A colourful (and illuminating) way of getting our work done

Our photovoltaics researchers at the Newcastle Energy Centre like to get right into the action when they’re in the lab.

Meet Kenrick Anderson, a photovoltaics experimental scientist. He gets to do fun science things – like monitoring how clean the lab is and filling out forms… no, I mean cool stuff like fabricating new solar cells and testing and comparing how they perform in the sunlight or indoors using a solar simulator.

Want to know more about ‘simulated sunlight’ and what we can do with it? Well, read on. Kenrick has given us his down-to-earth explanation of how one of our measurement tools – a monochromator – helps us understand how solar cells respond to sunlight.

Sunlight contains many different wavelengths of light – it’s a broad spectrum, polychromatic light source. Different types of solar cell respond to different parts of the solar spectrum. To compare these different cells we use monochromatic light – light of a single wavelength– as a means of seeing how a solar cell performs at a particular wavelength. For instance if we take just the light that we can see with our eyes, the wavelengths of visible light start at 400 nanometres and extend out to 720 nanometres.

Do you remember the spectrum by the following acronym?

 ROYGBIV         (Red Orange Yellow Green Blue Indigo Violet)

Actually, this is in reverse order as red light stops at 720 nanometres and violet starts at 400 nanometres. In nature we see white light being split into the spectrum. Have you noticed the reflection of light as it bounces off water droplets which produces rainbows, or in the interference patterns of an oil slick on water? To reproduce these effects in the laboratory we use a monochromator, like the one pictured below:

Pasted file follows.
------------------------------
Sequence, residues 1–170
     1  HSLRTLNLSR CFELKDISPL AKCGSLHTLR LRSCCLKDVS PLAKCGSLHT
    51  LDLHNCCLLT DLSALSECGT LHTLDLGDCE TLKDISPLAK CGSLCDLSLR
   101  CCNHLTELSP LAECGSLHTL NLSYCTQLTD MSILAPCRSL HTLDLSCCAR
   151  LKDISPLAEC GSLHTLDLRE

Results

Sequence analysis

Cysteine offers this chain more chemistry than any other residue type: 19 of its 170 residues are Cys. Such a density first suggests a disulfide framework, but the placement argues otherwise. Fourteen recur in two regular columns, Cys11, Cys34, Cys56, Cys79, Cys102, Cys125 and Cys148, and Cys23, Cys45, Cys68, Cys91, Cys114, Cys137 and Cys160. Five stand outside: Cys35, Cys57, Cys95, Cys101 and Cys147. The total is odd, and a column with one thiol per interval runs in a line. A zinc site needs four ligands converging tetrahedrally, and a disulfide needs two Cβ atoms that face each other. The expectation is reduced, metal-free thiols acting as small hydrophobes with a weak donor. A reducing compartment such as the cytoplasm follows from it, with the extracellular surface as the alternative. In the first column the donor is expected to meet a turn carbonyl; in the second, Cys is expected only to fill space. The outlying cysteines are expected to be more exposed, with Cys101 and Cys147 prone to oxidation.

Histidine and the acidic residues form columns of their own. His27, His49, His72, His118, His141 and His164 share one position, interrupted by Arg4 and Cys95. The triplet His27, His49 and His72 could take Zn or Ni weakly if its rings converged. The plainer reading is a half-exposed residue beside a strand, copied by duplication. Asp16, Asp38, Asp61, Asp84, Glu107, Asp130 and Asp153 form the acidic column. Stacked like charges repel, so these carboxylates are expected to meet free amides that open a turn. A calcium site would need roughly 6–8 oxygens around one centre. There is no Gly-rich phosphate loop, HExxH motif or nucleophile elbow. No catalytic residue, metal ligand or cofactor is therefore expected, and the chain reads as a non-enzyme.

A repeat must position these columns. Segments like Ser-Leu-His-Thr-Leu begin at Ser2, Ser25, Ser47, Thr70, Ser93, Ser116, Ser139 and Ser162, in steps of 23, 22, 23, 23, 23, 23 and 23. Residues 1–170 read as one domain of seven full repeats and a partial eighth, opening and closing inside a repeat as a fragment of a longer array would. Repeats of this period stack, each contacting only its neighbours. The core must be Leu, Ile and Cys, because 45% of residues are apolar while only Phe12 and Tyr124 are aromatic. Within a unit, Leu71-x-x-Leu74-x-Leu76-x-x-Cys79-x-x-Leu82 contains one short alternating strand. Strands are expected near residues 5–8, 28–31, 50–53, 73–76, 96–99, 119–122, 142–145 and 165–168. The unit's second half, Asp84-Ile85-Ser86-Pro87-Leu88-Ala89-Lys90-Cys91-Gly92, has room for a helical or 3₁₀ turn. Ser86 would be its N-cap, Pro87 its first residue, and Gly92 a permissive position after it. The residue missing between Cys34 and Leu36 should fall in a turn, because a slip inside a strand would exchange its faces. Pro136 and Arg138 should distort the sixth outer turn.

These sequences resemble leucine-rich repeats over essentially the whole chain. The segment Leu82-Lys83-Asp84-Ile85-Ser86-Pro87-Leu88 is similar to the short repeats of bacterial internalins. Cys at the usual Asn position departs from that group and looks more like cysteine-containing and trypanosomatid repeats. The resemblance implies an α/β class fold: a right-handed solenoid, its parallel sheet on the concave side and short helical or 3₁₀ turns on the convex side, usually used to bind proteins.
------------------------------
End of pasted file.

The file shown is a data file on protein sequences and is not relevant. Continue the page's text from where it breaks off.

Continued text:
Kenrick Anderson inspecting a monochromator.

Kenrick showing his lighter side (boom, boom!) in the lab, getting up close and personal with the spectral response systems. We make fine adjustments to the system by letting a wavelength of visible light through the grating and project it onto the sample under test so that we can ‘see’ it.

A monochromator works using a diffraction grating – a special surface with a series of very fine grooves (about 1000 parallel grooves every millimetre!). When light reflects off the surface the grooves cause the colours to separate out. If you turn a CD over you can see this effect for yourself: a rainbow-like spectrum of colours will be reflected off the disk – it’s a diffraction grating in real life using the even grooves of the CD. Similar surfaces are used within a monochromator to split the light. By changing the angle of the diffraction grating we can choose the wavelength coming from the monochromator. Fortunately, our system is computer controlled and all we need to do is type a number in and out comes the wavelength we are interested in. Job done!

Watch the short movie below showing the monochromator sweeping through the spectrum from 350 nm (in the UV part of the spectrum, just beyond violet) to 750 nm (in the infrared part of the spectrum, just beyond red).



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